Call us on: 07733 274 522 or 07920 501 141
Call us on: 07733 274 522 or 07920 501 141

School’s out for summer; the holidays are in full swing

Endless days ahead. Weeks stretching far into the future. The possibilities are endless . . .

Got much planned?

It’s our hope that bingeing on tablets and smartphones, computers and consoles doesn’t dominate the summer schedule too much.

That word – ‘bingeing’ – isn’t one that we’ve chosen to use in this context (it’s one more often associated with unhealthy eating habits), but having seen it employed this week by Anne Longfield, the Children’s Commissioner, it does seem rather apt.

She believes that as children’s internet usage in the UK approaches its highest level ever, young people are consuming time online like ‘junk food’ and that adults need to intervene and ‘step up’ to prevent bingeing and ensure balance.

‘[There is a danger that children see] social media like sweeties and their online time like junk food,’ she said this week. ‘None of us as parents would want our children to eat junk food all the time, double cheeseburger and chips, every day, every meal. For the same reasons, we shouldn’t want our children to do the same with their online time.

‘When phones, social media and games make us feel worried, stressed and out of control, it means that we haven’t got the balance right. With your diet, you know that, because you don’t feel that good. It’s the same with social media.’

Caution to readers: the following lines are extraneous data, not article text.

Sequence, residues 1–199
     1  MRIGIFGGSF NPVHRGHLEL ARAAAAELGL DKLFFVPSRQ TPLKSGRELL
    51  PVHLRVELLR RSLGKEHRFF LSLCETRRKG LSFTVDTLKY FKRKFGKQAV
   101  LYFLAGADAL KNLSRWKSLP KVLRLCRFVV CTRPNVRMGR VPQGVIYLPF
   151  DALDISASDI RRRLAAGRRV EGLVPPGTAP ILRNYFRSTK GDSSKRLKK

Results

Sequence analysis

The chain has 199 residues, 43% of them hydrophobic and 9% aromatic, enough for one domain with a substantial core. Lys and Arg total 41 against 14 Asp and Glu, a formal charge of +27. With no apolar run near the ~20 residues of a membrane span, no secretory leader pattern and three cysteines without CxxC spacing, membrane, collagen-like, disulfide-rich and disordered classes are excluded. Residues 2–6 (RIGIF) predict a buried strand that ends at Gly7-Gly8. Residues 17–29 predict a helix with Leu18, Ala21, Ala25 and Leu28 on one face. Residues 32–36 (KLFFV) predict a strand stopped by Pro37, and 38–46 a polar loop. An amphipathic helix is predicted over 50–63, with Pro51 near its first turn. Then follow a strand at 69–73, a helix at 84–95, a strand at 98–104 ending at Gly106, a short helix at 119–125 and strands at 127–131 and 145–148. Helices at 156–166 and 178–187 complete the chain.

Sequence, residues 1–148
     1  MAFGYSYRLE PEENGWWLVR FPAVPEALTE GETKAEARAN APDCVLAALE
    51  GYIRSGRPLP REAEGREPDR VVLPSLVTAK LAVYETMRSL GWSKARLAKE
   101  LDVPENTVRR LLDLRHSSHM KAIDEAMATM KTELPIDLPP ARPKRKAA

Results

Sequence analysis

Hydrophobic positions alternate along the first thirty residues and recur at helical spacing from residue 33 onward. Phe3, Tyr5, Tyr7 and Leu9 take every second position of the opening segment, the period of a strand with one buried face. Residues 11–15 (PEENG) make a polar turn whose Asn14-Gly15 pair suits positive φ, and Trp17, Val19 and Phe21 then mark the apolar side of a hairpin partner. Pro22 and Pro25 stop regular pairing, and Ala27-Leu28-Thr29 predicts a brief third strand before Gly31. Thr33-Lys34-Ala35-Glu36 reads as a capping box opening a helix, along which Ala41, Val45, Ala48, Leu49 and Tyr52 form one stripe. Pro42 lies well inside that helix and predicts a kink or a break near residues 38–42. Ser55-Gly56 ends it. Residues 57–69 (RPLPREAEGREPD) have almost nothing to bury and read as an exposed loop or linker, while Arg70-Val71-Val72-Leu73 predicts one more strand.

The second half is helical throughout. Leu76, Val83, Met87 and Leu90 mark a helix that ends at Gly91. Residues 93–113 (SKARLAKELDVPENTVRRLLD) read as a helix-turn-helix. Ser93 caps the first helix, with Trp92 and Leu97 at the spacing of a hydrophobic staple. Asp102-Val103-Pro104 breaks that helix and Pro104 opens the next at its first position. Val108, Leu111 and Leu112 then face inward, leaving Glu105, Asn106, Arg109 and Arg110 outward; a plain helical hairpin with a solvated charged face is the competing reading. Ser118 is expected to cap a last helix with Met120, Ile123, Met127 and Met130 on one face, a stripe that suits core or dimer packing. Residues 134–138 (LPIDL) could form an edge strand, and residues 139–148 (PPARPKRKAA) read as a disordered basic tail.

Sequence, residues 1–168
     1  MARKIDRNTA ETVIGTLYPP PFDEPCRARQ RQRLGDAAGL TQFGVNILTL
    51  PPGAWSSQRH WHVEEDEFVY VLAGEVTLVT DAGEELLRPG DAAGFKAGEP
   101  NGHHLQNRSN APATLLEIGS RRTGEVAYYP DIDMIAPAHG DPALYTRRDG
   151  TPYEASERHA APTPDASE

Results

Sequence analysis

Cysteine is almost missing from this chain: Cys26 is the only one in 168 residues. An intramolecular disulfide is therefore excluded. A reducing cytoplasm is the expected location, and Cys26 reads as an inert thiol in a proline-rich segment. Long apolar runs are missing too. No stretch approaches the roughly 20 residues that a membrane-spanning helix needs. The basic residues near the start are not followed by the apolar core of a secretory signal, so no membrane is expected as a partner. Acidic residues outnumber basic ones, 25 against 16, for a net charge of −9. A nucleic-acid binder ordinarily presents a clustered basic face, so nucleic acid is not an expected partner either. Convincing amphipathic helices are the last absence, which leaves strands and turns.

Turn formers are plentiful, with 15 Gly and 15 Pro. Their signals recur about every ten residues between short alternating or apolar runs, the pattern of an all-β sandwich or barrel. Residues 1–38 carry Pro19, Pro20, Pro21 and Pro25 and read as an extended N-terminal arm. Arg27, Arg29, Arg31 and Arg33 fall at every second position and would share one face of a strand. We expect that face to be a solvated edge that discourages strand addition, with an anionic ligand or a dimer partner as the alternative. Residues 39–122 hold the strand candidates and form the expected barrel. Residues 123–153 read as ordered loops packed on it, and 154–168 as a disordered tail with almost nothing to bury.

It’s now, with school out for summer and the holidays in full swing, that such issues can be intensified.

With days and weeks to fill, it’s little surprise that children and adults alike turn to tablets (and other such devices) and as technology evolves and habits change, this is to be expected.

The internet is an invaluable resource that is central to all our lives and no-one is suggesting it should be cut out altogether. However, is quite clear that there must be limits.

So back to balance and, in this respect, we find ourselves in full agreement with the Children’s Commissioner. Just consider the figures.

Ofcom research has found that the internet has overtaken television as the main media pastime for British children and the statistics do cause concern, with five-to-fifteen-year-olds spending, on average, 15 hours a week online.

To break that down a little further, four-to-eight-year-olds are online for more than eight hours a week, whilst with twelve-to-fifteen-year-olds it’s more than 20 hours.

Too much? It strikes us that the balance is far from correct and that ‘bingeing’ is an appropriate description. The question is, what should we do about it?

The Children’s Commissioner has, to continue the diet theme, recommended a ‘digital five-a-day’, encouraging parents to help children to use their internet time to learn new skills, interact positively with friends and be creative, and we do agree that imposing limits that are too strict (or simply switching off the Wi-Fi) isn’t the best approach.

Setting rules (and sticking to them) is important . . .

But so too is taking a break, doing something different and expanding horizons.

Reading a book. Volunteering. Taking up a hobby. Going for a walk or a bike ride. Climbing a tree. Playing an instrument. There’s just so much else to do.

Endless days ahead, weeks stretching far into the future, the possibilities are endless . . .

It’s our hope that bingeing on tablets and smartphones, computers and consoles doesn’t dominate the summer schedule too much.